One cannot pick a theory a la cart, it is either obeyed whole, or invalidated, and this has not happened to quantum mechanics.

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  • $\begingroup$ Anna v, If quantum mechanics on paper were to cease to function in relation to technology, would this technology cease to function? $\endgroup$ – JG Questions Nov 2 '16 at 17:12
  • $\begingroup$ The mathematical model does not mold reality, it describes existing data and predicts new possibilities. If all equations were burned and mathematial knowledge was lost, the present day technology would work but nothing new would be discovered, technology would become static. $\endgroup$ – anna v Nov 2 '16 at 17:27
  • $\begingroup$ It is interesting that something is used to create another thing has no requirement of existence to function. $\endgroup$ – JG Questions Nov 2 '16 at 17:38
  • $\begingroup$ most of primitive technology was like that, wheels, once discovered exist up to now. The brain model that invented the first wheel was never written down. Mathematics and theories based on it are brain models recorded on paper for posterity , so posterity could extend on paper and test new technologies . $\endgroup$ – anna v Nov 3 '16 at 6:55
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Two technologies that are quite wide spread and are based on quantum mechanics, are lasers and microelectronics.

Let's first look at lasers. The operation of a laser is based on a microscopic process called stimulated emission. Through this mechanism, light is amplified when it passes through a material where most of the atom are in appropriate excited states. This process follows a probabilistic law. An excited electron will fall down to a lower energy level and release a photon with a certain probability that depends on the number of other photons with the same energy that are present. This is not a deterministic law, because then it would have had to depend on something else and the process would not have worked as it does. Hence, we would not have had lasers.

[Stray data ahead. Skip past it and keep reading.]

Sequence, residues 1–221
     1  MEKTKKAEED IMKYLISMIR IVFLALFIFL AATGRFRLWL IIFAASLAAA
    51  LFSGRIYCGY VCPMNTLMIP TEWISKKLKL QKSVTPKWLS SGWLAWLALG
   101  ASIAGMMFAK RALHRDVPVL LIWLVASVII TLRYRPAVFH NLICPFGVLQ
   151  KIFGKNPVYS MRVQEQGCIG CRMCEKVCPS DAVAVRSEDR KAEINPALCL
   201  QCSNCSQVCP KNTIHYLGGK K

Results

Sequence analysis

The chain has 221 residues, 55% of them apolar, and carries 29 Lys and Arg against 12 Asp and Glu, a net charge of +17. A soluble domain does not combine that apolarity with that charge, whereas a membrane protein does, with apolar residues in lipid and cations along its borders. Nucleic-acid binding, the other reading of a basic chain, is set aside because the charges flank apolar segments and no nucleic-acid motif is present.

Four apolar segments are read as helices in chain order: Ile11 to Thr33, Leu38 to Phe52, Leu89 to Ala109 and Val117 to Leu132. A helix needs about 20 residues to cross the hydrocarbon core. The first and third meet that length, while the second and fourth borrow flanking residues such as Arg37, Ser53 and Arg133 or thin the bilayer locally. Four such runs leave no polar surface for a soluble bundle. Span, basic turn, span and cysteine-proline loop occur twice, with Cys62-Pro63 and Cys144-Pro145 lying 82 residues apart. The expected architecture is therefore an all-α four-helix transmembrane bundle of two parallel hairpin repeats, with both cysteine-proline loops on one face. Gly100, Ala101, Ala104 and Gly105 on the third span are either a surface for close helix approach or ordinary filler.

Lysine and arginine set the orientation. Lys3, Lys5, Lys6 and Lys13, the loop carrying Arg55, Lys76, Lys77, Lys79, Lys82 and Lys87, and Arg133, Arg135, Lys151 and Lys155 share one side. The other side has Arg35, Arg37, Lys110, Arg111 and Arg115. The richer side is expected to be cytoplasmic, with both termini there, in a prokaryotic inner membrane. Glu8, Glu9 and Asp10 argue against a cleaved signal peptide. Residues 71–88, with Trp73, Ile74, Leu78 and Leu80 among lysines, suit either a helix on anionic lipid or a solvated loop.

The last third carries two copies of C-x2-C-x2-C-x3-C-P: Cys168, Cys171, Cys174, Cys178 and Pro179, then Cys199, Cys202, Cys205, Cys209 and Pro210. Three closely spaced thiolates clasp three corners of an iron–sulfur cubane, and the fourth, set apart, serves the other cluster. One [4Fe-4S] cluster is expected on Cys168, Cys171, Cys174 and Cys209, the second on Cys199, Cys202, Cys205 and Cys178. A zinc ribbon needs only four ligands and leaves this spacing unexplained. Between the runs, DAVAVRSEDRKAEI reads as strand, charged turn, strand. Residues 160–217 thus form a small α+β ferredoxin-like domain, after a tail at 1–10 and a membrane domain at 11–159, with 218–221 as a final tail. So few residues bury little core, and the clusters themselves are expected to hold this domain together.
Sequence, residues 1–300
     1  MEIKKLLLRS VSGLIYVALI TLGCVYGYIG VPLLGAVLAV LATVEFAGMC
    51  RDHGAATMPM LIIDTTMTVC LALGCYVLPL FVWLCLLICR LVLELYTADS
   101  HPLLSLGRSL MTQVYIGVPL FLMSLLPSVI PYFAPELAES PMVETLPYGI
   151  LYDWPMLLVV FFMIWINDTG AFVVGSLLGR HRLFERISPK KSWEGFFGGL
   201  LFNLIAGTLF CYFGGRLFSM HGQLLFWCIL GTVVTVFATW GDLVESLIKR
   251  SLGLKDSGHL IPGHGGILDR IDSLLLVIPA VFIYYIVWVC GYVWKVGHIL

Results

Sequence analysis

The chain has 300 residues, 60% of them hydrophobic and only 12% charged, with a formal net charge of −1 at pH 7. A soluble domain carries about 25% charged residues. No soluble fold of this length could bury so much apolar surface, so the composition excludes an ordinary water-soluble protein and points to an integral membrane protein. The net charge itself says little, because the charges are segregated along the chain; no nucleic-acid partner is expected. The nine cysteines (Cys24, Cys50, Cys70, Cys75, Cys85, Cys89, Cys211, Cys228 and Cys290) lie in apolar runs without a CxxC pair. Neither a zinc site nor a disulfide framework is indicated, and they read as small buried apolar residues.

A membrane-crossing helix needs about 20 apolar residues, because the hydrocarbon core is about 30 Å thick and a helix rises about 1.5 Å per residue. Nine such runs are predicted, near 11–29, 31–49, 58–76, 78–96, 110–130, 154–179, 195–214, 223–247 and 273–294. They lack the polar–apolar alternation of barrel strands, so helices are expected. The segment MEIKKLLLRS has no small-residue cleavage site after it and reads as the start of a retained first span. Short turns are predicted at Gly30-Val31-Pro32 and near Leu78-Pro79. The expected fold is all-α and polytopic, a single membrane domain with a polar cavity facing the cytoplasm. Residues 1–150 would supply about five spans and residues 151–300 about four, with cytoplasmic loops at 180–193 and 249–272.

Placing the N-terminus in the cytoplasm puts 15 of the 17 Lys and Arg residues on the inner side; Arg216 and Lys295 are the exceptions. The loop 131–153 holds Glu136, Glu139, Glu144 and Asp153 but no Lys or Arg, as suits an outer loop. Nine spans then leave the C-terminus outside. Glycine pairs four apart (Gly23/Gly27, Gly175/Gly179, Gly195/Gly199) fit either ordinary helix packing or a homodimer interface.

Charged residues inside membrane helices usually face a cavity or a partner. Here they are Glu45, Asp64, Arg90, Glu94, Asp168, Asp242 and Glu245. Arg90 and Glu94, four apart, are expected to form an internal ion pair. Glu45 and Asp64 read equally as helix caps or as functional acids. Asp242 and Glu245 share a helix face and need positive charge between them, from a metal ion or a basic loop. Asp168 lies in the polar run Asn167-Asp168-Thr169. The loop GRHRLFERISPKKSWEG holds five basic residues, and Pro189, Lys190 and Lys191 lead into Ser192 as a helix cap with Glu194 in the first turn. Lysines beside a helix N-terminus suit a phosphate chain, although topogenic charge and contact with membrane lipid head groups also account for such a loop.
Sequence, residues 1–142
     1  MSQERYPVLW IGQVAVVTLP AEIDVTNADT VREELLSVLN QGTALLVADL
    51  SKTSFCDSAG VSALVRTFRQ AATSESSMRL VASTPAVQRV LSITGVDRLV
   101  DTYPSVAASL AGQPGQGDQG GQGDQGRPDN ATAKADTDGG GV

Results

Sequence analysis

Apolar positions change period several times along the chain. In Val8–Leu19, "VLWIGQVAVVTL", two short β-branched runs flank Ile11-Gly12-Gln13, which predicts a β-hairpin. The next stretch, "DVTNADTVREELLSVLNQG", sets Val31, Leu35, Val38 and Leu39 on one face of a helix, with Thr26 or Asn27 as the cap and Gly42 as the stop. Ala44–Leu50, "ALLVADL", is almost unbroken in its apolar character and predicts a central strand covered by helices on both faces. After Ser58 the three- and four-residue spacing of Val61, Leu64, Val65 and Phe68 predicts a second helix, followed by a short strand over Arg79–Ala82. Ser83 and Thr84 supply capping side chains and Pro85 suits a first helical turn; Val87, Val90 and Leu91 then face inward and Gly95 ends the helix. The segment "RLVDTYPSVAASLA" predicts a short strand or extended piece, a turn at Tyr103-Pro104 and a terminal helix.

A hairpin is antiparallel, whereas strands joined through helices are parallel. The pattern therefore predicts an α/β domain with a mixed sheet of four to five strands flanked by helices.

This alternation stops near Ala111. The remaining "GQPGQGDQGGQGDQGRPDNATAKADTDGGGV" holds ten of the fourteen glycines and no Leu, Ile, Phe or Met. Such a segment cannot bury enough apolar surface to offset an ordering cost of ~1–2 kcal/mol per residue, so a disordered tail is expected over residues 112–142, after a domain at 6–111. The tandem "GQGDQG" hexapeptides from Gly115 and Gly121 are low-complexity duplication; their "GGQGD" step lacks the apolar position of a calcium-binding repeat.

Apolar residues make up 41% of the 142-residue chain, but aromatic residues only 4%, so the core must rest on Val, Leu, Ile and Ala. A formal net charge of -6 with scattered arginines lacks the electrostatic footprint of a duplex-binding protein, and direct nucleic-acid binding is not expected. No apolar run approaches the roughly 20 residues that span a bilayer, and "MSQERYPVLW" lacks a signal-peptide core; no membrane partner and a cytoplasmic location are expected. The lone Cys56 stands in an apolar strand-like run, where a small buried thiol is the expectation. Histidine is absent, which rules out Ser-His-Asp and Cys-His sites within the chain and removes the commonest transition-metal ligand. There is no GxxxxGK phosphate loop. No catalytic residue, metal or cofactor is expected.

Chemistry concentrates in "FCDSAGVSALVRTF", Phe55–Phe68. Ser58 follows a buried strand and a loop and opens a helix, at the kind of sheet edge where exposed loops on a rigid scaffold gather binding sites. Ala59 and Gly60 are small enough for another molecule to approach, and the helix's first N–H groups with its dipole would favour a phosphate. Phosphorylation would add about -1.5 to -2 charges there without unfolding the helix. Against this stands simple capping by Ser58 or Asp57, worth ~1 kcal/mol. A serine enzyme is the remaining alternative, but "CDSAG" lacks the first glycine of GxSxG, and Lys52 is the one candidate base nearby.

Microelectronics is based on semiconductors. In semiconductors, one has energy levels separating so-called valence bands from conduction bands. The devices, such as transistors on which microelectronic technology is based, consist of different layers of semiconductors with different properties (I'm trying not to go into too much detail here), such that voltage differences across these structures can cause the electrons from the valence band to enter the conduction band to produce a current. This process is again a probabilistic process. Each electron has a certain probability to cross the energy gap. This leads to tiny fluctuations in the current even when the voltage is kept constant. These tiny fluctuations can be measured as noise called shot noise. Again if this were not governed by a probabilistic law, then one would have had to have some deterministic effect, which means it would have had to work differently. As a result transistors would not have work as they do in our microelectronic based devises.

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  • $\begingroup$ you should add that even talking to each other on these boards relies on transistor and derivative technology $\endgroup$ – anna v Nov 3 '16 at 6:52
  • $\begingroup$ @annav: Yes, I could probably have added many other examples. Superconductors, such as those used in LHC; radioactive decay such as used in radiation treatment for cancer, etc. I chose two examples. $\endgroup$ – flippiefanus Nov 4 '16 at 5:10